Kitten questions! Are you ready?
By: Dr. Jane Matheys
The Cat Doctor Veterinary Hospital
For Pets Best Insurance
We’re in the middle of kitten season with the majority of kittens being born between spring and fall. Who can resist these cute little balls of fur? It’s easy to fall in love with these adorable, cuddly creatures, but before you bring a new kitten into your home there are a few things to consider, aside from which food, toys and cat insurance to purchase.
First and foremost is whether you’re ready and able to make the commitment that comes with pet ownership. As a cat owner, you are responsible for providing proper food, shelter and health care for your cat’s entire life, not just when it is small and cute. Cats are not disposable. I hear way too many sad stories about cats being left behind to fend for themselves when the owners move away, cats being dumped out in the countryside when they’re no longer wanted, and cats being surrendered to local shelters as adults because they’ve lost that kitten cuteness factor.
Three to four million cats and dogs are euthanized in shelters every year. Please be a responsible pet owner and be part of the solution to pet overpopulation, not a part of the problem.
Kittens are also an expense, especially during the first year of their lives. Work their general costs into your monthly budget, and be sure that you have a small fund set aside for routine or wellness care, particularly if your kitten will be going outdoors when it’s older. You can also look for a pet insurance company that offers wellness care coverage.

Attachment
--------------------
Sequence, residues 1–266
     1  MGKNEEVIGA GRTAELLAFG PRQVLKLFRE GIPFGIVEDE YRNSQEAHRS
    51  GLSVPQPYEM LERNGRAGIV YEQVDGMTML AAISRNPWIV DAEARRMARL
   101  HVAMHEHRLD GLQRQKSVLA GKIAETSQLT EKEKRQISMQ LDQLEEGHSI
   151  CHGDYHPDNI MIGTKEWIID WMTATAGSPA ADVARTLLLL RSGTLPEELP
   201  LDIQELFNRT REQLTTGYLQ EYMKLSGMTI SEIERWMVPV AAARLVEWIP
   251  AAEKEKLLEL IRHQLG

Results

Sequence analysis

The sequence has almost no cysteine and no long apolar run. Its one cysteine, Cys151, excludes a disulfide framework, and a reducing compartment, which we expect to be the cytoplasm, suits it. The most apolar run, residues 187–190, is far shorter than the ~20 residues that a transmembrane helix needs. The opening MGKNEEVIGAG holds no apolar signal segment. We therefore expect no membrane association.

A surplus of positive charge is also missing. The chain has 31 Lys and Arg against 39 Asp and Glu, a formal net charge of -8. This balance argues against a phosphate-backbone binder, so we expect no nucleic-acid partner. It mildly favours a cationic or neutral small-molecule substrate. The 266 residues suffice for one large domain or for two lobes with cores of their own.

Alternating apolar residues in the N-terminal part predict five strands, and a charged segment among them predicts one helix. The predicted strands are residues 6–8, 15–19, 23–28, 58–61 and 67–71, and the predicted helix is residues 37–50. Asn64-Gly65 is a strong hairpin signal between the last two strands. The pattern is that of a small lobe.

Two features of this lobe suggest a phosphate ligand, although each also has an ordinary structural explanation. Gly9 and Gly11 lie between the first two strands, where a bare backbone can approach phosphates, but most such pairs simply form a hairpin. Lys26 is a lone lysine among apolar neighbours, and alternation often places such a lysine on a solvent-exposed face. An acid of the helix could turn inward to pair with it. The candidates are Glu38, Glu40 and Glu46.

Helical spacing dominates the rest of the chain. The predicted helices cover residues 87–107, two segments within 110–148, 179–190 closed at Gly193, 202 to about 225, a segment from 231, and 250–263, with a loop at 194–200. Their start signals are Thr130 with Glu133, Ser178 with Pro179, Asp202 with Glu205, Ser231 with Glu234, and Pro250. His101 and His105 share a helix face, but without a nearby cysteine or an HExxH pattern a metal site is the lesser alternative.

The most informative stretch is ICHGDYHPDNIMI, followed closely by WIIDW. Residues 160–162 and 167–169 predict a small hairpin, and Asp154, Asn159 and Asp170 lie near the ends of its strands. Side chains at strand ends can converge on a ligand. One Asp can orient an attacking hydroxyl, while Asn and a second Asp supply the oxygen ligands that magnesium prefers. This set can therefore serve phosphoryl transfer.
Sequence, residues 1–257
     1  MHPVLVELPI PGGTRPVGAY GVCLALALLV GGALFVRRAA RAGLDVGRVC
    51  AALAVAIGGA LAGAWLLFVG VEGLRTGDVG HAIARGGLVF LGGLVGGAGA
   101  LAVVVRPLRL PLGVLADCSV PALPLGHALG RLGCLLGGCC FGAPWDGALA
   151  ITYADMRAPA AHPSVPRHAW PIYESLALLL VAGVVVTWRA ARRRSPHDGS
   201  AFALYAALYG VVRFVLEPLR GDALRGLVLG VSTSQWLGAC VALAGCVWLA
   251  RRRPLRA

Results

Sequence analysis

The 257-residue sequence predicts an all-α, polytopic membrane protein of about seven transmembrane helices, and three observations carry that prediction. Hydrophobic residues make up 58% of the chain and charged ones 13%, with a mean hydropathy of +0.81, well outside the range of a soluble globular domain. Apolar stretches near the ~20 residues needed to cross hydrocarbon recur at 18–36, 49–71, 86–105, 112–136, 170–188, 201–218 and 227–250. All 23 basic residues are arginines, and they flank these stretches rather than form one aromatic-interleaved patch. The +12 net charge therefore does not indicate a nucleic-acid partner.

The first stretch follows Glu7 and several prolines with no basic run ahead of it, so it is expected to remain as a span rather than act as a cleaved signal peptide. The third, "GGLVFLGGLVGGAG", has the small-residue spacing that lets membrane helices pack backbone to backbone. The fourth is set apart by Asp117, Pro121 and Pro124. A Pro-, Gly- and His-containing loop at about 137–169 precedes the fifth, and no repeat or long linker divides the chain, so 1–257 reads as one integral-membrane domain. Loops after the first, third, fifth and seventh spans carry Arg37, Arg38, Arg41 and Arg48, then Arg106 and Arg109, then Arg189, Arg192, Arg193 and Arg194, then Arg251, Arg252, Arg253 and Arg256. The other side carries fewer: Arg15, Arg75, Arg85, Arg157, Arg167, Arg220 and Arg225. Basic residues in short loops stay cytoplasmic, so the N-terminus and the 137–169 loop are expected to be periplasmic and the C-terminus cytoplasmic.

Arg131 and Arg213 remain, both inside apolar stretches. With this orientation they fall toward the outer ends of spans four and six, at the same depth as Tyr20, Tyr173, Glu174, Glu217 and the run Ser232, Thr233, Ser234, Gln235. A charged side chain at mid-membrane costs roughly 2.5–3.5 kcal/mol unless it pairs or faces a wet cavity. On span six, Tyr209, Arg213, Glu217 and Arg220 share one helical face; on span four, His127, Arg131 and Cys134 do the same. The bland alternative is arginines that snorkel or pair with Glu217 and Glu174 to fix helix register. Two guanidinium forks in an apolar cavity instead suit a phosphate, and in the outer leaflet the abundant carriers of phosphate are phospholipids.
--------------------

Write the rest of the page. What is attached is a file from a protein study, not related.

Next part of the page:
Improvements in both dog and cat insurance over the past ten years have made it more worthwhile than ever. There are more policy options available, and you have a much better chance of finding a policy that covers what’s important to you and your cat at a price you can afford.
It’s also important to consider your current home situation. Do you have a dog? Many dogs and cats that live together learn to be friends, but some breeds are “cat chasers”, and some kittens may be too playful and interactive for some dogs. Your veterinarian can help guide you as to what might be the best fit for your unique situation if you decide to open your heart and home to a kitten.
Do you already have any cats? If so, how many and what are their ages and genders? You would not want to bring a new kitten into a household that has a single geriatric cat. Senior pets do not always appreciate the rambunctious antics of a crazy kitten! In these cases, if possible, it would be better to get two kittens that would be more likely to bond to each other and not bother the older cat.
Cats that have lived alone for a long time are also less likely to accept a new pet quickly. It’s necessary to be able to provide a separate room for each cat with separate food and water dishes and separate litter boxes, especially during the introduction period. Sometimes it’s helpful to add a kitten of a different gender to help maintain peace in the household.
If you’re starting with an empty nest, also consider getting two kittens. If you work long hours or are away from home a lot, the kittens will provide each other with plenty of activity and companionship. Some cat insurance companies, like Pets Best Insurance even offer multiple pet discounts!